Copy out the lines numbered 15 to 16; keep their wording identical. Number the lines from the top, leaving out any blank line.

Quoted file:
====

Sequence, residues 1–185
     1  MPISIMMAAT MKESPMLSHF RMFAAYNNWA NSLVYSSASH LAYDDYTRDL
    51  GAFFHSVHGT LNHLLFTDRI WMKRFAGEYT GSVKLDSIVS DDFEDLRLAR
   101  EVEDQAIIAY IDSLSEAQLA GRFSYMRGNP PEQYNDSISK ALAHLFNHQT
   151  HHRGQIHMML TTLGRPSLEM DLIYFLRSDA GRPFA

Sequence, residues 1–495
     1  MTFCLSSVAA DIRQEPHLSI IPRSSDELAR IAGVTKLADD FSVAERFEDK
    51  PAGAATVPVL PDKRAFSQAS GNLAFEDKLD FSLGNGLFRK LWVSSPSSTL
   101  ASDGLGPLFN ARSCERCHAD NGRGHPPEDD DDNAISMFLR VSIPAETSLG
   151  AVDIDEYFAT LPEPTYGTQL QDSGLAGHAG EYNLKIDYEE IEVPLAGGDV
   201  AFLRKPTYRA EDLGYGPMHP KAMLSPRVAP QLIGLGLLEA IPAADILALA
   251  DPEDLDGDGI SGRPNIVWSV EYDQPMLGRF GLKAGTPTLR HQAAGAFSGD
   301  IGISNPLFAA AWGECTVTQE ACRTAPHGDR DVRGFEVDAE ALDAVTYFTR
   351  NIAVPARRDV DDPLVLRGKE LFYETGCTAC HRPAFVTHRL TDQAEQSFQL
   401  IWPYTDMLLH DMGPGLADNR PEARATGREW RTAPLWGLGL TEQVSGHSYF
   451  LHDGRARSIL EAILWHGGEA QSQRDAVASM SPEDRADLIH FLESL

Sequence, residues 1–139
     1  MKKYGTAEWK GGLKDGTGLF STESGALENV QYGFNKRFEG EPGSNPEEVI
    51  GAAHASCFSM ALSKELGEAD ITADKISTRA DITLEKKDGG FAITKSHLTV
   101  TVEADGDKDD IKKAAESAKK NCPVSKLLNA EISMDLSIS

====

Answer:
   401  IWPYTDMLLH DMGPGLADNR PEARATGREW RTAPLWGLGL TEQVSGHSYF
   451  LHDGRARSIL EAILWHGGEA QSQRDAVASM SPEDRADLIH FLESL